-g, --global Operate on the global job environment table and all existing running job environment tables. This option is implied when not run from within a job.

This is an advanced option whose use is discouraged since it can change the environment of a job as it moves between different process stages (for example between pre-start and the main process). See init for further details.
unset-env [OPTIONS] VARIABLE Remove the specified variable from a job environment table. If the variable does not already exist in the table, no change will be made. This command is only permitted When running in User Session Mode. See init for further details.

OPTIONS may be the following:

-r, --retain If the specified variable is already set, do not modify it.
-g, --global Operate on the global job environment table and all existing running job environment tables. This option is implied when not run from within a job.

This is an advanced option whose use is discouraged since it can change the environment of a job as it moves between different process stages (for example between pre-start and the main process). See init for further details.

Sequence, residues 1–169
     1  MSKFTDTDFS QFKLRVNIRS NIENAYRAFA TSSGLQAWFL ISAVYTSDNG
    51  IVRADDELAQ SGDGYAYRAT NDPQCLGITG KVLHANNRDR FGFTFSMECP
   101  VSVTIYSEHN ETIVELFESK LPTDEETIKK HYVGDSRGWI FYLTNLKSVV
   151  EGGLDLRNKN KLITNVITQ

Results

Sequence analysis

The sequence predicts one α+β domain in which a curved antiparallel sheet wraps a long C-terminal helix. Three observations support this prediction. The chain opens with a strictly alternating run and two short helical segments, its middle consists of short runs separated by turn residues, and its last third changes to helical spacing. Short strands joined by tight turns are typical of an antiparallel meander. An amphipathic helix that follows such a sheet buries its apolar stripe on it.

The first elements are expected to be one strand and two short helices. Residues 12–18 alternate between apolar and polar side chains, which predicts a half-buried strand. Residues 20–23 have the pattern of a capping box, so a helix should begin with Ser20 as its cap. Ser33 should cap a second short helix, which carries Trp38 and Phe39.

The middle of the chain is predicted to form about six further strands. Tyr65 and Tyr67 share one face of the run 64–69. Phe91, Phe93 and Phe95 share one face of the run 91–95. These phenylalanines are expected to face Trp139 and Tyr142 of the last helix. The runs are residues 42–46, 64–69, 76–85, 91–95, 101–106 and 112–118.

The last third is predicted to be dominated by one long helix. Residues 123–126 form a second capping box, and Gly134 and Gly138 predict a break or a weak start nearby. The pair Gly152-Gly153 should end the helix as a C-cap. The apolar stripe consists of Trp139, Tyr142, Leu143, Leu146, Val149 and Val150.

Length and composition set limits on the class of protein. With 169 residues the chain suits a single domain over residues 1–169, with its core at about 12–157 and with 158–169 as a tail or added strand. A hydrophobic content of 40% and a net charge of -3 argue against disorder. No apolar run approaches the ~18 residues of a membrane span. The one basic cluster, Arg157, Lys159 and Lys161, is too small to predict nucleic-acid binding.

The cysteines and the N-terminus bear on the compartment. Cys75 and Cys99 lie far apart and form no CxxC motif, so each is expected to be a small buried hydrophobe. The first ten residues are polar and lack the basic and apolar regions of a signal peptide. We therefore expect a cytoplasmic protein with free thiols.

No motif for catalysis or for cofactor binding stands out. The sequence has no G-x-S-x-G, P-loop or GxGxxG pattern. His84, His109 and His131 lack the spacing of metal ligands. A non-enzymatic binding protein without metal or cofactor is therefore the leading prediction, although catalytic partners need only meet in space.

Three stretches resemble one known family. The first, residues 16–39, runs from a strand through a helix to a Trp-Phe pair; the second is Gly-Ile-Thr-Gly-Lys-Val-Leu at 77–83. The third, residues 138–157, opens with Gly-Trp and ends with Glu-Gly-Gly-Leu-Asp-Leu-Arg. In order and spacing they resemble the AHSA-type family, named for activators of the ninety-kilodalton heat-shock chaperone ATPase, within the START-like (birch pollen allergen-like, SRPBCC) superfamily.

reset-env [OPTIONS] Discards all changes made to a job environment table, setting it back to its default set of variables and values.

This command is only permitted when running in User Session Mode. See init for further details.

Note that the effect of the Session Init process that manages the User Session Mode restarting is equivalent to this command having been called.

OPTIONS may be the following:

-r, --retain If the specified variable is already set, do not modify it.
-g, --global Operate on the global job environment table. This option is implied when not run from within a job.

Note that unlike set-env and unset-env, this option does not modify running job environment tables.
list-sessions List the pid of the Session Init process followed by the value of UPSTART_SESSION in use for that session separted by a space character. Session files relating to non-longer running Session Init processes are considered 'stale' and are not listed (although when run using --verbose, the full path of the stale session file is displayed).
usage JOB [KEY=VALUE]... Show usage information for the named JOB. If the job specified does not define the usage stanza, a blank usage will be displayed.

Example output for a job that specifies the usage stanza is shown below:

Usage: tty DEV=ttyX - where X is console id

Examples

stop 1234

Stop the job with process ID 1234.

Related commands

init
kill
ps
shutdown
top